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Activities and orientations of the Council of Europe Development Bank

Reply to Recommendation | Doc. 11622 | 02 June 2008

Committee of Ministers
Adopted by the Committee of Ministers on 21 May 2008, at the 1027th meeting of the Ministers’ Deputies.
Reply to Recommendation
: Recommendation 1818 (2007)
1 The Committee of Ministers has taken note with interest of Parliamentary Assembly Recommendation 1818 (2007) on the activities and orientations of the Council of Europe Development Bank (CEB). It has brought the recommendation to the attention of member states’ governments, in particular paragraph 9.2 which recommends that the Committee of Ministers strongly encourage member states that are not yet members of the CEB to join it at the earliest opportunity. It notes with satisfaction that membership of the bank now includes 40 member states.
2 The Committee of Ministers refers to the comments from the governing board of the Council of Europe Development Bank which are appended to this reply. It considers that the elements provided constitute a comprehensive response to the issues raised by Assembly on the activities and orientations of the bank, in particular to the recommendations addressed to the bank and its member states.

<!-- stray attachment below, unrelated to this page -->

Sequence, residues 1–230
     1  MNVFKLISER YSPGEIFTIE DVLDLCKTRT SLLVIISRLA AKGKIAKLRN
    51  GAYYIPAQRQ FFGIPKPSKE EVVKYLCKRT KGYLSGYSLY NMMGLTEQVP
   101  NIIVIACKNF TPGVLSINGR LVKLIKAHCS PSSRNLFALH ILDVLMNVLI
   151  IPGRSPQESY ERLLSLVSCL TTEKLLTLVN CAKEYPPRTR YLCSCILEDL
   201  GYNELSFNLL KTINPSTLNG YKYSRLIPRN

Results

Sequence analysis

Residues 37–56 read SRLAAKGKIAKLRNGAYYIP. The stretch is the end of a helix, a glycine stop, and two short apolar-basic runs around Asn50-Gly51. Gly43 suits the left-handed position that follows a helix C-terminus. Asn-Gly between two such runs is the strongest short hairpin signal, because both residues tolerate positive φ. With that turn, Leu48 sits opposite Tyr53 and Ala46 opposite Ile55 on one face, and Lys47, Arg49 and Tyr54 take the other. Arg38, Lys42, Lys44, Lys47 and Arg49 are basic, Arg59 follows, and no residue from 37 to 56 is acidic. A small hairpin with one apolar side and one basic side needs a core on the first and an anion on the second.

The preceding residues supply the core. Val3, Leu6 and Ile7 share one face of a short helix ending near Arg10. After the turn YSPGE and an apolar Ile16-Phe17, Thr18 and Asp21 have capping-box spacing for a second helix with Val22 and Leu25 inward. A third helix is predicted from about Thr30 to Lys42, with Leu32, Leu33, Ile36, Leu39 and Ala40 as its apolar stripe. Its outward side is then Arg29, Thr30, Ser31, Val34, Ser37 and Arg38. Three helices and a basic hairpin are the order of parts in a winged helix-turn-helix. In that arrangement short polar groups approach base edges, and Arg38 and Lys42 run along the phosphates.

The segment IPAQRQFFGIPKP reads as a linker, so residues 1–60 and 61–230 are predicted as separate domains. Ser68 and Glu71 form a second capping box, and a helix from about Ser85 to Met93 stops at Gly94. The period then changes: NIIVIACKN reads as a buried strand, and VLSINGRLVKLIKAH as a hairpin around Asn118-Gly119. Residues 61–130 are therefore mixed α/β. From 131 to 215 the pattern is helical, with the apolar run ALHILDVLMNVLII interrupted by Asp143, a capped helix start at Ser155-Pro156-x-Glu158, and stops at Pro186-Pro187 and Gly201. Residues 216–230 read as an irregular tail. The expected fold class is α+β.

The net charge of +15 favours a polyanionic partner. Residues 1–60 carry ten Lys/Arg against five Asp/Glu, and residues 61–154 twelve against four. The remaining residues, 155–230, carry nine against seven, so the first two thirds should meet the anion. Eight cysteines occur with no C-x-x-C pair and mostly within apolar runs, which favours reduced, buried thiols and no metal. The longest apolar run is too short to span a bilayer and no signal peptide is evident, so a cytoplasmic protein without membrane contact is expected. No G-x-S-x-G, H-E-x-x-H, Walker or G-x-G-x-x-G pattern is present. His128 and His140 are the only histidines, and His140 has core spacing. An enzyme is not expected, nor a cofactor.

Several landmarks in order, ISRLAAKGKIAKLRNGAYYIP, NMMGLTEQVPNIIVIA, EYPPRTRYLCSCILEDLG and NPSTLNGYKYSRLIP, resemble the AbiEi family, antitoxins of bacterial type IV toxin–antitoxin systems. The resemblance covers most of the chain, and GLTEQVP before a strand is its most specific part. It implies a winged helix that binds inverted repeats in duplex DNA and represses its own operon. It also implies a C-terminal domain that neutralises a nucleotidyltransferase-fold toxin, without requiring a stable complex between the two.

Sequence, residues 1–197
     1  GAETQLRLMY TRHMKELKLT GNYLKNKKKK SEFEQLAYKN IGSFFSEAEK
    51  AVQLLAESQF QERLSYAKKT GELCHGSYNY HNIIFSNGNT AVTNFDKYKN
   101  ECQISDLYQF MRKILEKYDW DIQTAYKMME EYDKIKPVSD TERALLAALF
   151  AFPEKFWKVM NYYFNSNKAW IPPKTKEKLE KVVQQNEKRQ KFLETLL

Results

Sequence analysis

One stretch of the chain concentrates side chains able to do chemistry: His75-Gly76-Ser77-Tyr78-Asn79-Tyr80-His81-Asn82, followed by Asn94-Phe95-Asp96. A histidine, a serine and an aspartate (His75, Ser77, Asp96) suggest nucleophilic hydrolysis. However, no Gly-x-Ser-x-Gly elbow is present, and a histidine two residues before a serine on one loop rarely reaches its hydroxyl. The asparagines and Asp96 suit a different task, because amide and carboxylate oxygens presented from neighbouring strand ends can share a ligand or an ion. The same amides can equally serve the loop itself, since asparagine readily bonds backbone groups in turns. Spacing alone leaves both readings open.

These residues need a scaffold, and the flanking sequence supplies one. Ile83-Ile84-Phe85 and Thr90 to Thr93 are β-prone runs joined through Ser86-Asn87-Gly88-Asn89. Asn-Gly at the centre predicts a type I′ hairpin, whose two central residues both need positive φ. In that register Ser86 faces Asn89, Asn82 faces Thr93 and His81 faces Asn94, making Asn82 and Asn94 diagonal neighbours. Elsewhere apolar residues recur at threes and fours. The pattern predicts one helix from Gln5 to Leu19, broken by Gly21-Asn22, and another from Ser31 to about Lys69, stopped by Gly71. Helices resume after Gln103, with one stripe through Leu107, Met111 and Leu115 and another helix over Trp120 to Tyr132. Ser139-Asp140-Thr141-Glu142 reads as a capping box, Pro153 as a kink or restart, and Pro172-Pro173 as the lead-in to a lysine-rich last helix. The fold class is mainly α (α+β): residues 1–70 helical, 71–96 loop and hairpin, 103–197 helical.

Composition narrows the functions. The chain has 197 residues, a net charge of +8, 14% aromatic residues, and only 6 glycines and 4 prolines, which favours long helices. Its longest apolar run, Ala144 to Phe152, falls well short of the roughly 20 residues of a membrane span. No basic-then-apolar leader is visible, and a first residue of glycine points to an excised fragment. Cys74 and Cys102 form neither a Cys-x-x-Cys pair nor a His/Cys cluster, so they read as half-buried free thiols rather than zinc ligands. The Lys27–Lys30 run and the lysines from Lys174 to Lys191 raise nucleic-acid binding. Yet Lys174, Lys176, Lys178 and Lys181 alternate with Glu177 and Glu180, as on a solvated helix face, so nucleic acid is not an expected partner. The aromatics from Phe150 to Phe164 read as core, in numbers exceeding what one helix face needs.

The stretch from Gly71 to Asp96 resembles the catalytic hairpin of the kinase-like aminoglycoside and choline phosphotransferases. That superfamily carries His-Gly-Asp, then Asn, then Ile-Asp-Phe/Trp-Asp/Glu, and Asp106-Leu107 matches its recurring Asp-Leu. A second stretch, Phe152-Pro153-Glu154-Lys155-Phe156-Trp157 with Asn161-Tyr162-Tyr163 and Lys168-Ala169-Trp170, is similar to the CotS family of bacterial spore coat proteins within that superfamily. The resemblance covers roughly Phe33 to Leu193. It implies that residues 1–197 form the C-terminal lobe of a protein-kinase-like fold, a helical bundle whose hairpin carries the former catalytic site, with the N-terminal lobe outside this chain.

Appendix – Comments of the Council of Europe Development Bank (CEB) on Parliamentary Assembly Recommendation 1818 (2007)

Paragraph 3

“The CEB continues its work with the Council of Europe for the implementation of the 2004 Strategy for Social Cohesion, in particular in identifying and supporting, in co-operation with member states, concrete projects in support of the human rights of children, young people, migrants, ethnic minorities, people with disabilities and the elderly.”

Paragraph 5

“The CEB follows very closely with the Council of Europe the development, the adoption and the implementation of the Action Plan 2006-2015 for people with disabilities (Recommendation Rec(2006)5). The CEB was also represented at the conference organised in St Petersburg, Russian Federation, on 21 and 22 September 2006 on ‘Improving the quality of life of people with disabilities in Europe: participation for all, innovation, effectiveness’. The CEB stands ready to evaluate and finance projects proposed by the member states in this specific sector of action.”

Paragraph 6